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Snarls over epigenetics


Thank heaven it isn’t Rescue Day at the Humane Society kennel (wear earplugs), but look at this:

A commentary published in GENETICS this week (October 15) questions the results of a December 2013 Nature Neuroscience paper about how mice, when conditioned to fear odors, pass on their fears to their pups, as well as to their pups’ offspring, presumably by an epigenetic mechanism. Gregory Francis, the critique’s author and a professor of psychological sciences at Purdue University, suggests that the original paper’s statistical results are “too good to be true.”

Francis said that he submitted his critique to Nature Neuroscience but that “they wouldn’t send it out for review.” Nature senior press officer Neda Afsarmanesh wrote in an e-mail to The Scientist that Nature “cannot discuss specific internal dialog about our papers,” but noted that editors do review all critiques sent to them.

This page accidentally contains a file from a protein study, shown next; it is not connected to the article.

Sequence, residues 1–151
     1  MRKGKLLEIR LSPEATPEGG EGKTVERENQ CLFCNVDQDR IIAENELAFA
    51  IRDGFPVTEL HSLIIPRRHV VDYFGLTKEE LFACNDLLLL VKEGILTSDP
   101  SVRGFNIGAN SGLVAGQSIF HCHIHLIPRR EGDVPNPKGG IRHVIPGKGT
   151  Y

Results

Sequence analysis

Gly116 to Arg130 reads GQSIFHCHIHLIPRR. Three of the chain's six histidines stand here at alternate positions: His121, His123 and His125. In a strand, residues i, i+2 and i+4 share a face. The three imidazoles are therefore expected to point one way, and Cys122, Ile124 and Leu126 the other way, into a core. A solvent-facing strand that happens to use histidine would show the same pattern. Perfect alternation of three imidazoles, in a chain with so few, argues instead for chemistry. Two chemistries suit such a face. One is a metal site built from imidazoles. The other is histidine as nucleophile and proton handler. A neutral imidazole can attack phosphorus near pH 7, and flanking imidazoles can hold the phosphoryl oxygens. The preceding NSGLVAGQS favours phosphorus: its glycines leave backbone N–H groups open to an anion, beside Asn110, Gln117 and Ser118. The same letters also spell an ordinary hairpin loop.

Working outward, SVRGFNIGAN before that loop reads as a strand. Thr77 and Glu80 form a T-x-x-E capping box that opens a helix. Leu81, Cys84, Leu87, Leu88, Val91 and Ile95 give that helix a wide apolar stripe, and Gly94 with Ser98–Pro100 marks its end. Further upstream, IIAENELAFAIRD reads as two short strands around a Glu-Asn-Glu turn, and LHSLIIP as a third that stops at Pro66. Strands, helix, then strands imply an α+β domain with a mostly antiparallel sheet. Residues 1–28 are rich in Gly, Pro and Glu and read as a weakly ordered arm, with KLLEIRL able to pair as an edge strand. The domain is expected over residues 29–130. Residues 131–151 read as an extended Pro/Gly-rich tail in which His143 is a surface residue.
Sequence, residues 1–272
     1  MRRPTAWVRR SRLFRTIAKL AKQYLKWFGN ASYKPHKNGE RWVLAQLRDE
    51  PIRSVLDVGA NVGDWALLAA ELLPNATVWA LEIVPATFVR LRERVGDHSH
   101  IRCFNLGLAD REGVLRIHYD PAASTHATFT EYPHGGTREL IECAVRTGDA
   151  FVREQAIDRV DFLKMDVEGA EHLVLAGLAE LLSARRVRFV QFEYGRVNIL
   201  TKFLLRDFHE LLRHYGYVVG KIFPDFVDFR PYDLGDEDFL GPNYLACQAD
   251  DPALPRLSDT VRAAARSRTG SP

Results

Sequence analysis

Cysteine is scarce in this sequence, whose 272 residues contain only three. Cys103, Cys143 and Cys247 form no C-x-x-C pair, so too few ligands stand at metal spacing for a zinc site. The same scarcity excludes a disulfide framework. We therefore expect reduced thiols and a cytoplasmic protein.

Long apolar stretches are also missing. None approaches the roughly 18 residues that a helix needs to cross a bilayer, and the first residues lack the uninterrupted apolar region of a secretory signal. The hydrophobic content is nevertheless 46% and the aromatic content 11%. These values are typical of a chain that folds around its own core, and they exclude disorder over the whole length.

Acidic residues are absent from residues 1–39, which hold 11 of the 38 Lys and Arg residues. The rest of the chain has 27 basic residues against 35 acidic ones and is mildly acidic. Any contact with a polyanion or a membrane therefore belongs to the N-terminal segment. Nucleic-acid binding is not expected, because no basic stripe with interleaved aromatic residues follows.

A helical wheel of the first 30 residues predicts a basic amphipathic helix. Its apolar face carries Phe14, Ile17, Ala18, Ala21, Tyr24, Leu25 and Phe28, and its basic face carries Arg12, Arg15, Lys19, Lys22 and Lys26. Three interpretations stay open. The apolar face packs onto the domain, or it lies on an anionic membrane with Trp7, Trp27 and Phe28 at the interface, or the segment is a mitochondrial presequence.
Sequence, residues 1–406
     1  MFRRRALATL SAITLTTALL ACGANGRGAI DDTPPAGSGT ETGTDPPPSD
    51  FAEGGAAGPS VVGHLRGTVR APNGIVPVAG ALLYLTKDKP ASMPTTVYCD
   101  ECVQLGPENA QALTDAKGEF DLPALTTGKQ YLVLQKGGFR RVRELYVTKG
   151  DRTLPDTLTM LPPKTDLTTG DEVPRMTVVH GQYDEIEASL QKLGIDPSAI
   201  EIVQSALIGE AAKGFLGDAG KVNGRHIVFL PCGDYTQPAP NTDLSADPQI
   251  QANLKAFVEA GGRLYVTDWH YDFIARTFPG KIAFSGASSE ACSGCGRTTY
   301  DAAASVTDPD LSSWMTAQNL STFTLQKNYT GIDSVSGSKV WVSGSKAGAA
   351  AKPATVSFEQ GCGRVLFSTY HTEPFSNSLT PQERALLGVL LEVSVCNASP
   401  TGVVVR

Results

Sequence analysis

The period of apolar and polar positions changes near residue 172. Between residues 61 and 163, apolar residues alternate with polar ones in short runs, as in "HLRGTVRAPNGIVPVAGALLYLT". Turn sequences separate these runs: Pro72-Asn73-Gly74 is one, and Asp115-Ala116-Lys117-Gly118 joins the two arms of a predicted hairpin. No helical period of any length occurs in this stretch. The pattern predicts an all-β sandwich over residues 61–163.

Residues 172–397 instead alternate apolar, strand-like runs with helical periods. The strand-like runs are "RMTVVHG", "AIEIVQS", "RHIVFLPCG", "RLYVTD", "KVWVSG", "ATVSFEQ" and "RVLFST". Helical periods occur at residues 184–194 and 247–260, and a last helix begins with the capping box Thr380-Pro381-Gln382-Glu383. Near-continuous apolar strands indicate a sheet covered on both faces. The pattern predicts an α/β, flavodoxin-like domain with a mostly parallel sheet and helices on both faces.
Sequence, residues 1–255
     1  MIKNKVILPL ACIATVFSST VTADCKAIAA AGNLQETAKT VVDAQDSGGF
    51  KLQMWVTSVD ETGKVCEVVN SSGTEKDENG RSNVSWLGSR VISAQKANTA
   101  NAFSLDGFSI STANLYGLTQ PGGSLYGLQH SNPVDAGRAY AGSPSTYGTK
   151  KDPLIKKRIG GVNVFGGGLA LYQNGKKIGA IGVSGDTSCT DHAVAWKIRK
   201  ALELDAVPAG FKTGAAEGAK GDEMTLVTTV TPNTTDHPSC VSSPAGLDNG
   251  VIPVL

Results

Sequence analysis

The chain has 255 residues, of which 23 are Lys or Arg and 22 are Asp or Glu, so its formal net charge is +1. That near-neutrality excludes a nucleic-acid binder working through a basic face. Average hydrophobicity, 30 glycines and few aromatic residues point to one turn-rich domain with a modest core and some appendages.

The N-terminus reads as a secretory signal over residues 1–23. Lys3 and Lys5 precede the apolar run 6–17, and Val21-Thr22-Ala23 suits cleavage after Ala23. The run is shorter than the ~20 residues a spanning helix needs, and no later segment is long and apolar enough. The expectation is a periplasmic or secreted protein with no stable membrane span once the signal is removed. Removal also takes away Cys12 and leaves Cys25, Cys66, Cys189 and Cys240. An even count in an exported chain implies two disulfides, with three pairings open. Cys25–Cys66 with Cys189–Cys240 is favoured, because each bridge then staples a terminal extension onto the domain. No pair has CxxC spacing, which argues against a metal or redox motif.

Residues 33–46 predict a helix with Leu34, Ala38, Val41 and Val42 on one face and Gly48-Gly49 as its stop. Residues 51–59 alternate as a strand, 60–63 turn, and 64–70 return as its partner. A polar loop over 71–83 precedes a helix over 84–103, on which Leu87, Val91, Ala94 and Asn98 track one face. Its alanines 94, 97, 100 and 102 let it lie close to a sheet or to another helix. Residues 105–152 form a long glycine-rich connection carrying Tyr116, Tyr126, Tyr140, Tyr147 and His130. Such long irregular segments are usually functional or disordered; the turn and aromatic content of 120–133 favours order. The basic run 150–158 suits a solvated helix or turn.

Brian Dias and Kerry Ressler of Emory University, the authors of the Nature Neuroscience paper, responded to Francis’s criticisms in another GENETICS article published this week, stating that they stand by their results and that they have reported all data they collected. They also said that Francis did not mention experiments they included in the supplemental materials that did not yield statistically significant results.

Opinion: If The Scientist isn’t hanging the epigenetics people out to dry (wouldn’t they just love to?), they suspect their research is valid.

Here we follow the hated Fox News formula: We report. You decide.

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Another interesting aspect of this piece was scrolling down and reading the comments section below the article DavidD
From the link:
“Even if Francis is correct that there is a surplus of significance here . . . it doesn’t necessarily invalidate the findings,” Goodman said, “unless he can provide evidence that the effect sizes are implausibly large, that there are internal inconsistencies, that data have been fudged, or that the allegedly omitted experiments are likely to undermine inferences from the experiments presented.”
Wouldn't all evolutionary biology papers be invalidated if this kind of evidence wasn't overlooked? awstar

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